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Stephen Humphrey produces definitive history of Elephant & Castle

Stephen Humphrey's history of the Elephant & Castle has been published after a quarter of a century of research.

Stephen Humphrey
Stephen Humphrey speaking at the book launch

The author spoke about his long task during a reception hosted by London South Bank University to mark the achievement. The event was in the Technopark building which stands on the site of South London Palace music hall.

"I have not hurried writing this book," said Stephen. "Elephants are lumbering creatures as we know and my thoughts have lumbered along since the late 1980s."

He said that thanks were due to people who had forgotten that they had helped but the evidence was "fully sifted". He described the Elephant & Castle as "full of fun".

The book includes an examination of the depictions of elephants and castles in art starting with a Syrian example from the third century BC.

Humphrey's book concentrates on the Elephant's heyday as a "joyous and occasionally wild place" from the mid 19th century to the Second World War.

During his talk it was revealed that the author had been born at the Elephant & Castle and his grandmother, who knew all the music hall songs, lived close to New Kent Road.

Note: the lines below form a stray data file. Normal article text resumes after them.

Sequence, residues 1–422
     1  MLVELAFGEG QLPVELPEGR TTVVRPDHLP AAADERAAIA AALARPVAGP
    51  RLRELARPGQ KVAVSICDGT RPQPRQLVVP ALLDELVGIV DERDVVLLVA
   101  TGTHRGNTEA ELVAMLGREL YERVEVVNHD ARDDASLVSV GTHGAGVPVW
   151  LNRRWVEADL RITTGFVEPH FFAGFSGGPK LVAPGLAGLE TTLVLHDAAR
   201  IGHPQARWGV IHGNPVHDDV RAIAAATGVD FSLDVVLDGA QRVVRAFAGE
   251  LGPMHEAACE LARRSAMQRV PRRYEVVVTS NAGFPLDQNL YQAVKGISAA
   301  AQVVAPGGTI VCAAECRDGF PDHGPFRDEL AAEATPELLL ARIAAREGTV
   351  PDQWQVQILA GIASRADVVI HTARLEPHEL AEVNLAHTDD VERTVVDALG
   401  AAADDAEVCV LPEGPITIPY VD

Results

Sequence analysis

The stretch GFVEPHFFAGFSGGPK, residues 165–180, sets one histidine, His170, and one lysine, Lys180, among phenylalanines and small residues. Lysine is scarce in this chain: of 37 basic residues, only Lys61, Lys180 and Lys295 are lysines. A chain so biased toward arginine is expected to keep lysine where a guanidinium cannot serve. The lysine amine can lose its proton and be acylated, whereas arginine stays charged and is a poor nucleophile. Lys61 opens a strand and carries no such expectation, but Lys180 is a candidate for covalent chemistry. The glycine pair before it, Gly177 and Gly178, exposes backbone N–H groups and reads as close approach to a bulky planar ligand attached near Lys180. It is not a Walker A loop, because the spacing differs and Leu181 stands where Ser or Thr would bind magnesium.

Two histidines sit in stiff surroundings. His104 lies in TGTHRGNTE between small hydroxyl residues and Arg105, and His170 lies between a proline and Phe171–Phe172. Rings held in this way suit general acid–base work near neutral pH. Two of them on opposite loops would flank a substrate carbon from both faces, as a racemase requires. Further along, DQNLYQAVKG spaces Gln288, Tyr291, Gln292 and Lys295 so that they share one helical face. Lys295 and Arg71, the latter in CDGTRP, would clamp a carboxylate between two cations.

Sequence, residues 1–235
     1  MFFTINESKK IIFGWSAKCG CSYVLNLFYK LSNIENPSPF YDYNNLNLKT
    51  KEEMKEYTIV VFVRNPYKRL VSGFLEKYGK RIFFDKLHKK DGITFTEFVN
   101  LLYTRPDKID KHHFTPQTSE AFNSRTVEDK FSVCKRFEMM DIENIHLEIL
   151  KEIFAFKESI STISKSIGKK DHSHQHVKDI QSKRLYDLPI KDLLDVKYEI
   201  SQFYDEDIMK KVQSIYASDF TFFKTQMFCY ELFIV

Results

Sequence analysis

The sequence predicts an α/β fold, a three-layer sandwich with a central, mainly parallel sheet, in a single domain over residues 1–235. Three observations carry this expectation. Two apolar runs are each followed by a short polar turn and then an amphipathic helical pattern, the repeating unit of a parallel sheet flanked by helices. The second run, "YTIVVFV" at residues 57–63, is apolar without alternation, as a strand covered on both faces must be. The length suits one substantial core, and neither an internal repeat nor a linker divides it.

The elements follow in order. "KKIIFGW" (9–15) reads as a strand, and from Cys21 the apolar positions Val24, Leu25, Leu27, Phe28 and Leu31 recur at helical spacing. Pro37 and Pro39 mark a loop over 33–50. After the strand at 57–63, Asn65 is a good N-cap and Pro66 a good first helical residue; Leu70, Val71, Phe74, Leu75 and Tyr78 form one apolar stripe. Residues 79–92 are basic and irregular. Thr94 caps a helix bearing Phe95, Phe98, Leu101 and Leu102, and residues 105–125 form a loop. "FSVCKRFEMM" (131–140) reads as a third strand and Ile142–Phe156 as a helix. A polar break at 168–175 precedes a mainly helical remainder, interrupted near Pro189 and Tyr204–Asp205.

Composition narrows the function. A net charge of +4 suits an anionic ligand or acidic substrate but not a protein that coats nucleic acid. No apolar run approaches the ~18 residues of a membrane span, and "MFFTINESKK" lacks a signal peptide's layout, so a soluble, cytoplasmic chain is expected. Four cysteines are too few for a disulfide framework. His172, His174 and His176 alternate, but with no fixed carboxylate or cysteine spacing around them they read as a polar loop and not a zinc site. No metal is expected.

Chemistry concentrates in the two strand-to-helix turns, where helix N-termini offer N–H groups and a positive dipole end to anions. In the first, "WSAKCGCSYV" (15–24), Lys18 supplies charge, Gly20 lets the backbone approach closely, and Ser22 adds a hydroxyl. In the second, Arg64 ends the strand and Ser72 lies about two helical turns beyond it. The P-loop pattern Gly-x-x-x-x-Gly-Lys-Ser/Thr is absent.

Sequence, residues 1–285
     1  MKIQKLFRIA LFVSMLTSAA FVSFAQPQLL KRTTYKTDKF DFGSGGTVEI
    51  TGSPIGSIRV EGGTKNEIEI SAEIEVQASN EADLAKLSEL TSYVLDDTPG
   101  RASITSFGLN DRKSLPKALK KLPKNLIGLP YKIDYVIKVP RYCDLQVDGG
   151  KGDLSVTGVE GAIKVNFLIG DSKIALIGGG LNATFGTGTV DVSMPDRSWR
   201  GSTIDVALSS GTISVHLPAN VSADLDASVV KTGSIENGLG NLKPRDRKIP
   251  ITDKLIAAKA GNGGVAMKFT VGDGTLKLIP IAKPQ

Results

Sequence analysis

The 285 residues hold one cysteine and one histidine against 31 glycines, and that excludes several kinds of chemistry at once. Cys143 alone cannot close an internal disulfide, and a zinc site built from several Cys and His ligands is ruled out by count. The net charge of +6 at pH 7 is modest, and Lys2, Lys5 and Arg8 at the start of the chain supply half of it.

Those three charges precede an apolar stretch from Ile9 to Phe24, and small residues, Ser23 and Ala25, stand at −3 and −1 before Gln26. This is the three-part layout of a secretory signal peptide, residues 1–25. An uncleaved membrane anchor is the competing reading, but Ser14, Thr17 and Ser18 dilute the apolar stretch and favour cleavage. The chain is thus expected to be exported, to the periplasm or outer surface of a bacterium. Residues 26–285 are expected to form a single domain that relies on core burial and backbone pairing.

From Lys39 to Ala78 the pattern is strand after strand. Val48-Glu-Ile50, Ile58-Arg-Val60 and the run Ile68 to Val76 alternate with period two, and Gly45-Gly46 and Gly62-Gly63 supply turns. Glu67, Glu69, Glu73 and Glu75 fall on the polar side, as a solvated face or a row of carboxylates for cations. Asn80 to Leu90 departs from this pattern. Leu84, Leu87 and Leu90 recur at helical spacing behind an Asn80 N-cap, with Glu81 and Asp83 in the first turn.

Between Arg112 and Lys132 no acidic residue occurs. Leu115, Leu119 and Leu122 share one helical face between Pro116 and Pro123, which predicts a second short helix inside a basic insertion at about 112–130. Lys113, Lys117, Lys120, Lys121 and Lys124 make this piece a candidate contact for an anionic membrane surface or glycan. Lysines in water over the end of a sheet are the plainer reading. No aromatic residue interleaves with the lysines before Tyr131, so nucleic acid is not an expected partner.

Guests included former Southwark local studies librarian Len Riley, Southwark Mysteries author John Constable, Bermondsey historian Jennie Howells, Peckham historian John Beasley and SELON Index compiler Peter Shilham.

Leigh Hatts writes: Stephen Humphrey's 128-page story of the Elephant & Castle can be described as the long-awaited definitive history. He explodes myths with an in-depth account of the origins of the Elephant and Castle sign which hung outside the road junction's inn from, he believes, the mid 1750s.

He produces proof that the name is not, as often claimed, a corruption of 'Infanta de Castilla'.

Among the illustrations is the first written record of the name 'Elephant and Castle' in the Walworth Manor court leet minutes dated 21 March 1765.

The book also shows Thomas Rowlandson's drawing of the road junction where he depicts what may be the original pub sign.

A 1746 map and an annotated 1914 map enable the reader to understand the changing area and the location of churches, inns and theatres described in the text.

This thorough book should be essential reading for all who are now engaged in the latest reshaping of the famous junction.

Elephant & Castle: A History by Stephen Humphrey is published by Amberley (14.99).

• The church of St Matthew-at-the-Elephant, featured in the book, is marking the 20th anniversary of its present building with a service at 11am on Sunday 8 December when the preacher will be the Dean of Wakefield Cathedral. The Deputy Mayor of Southwark will also be in attendance.

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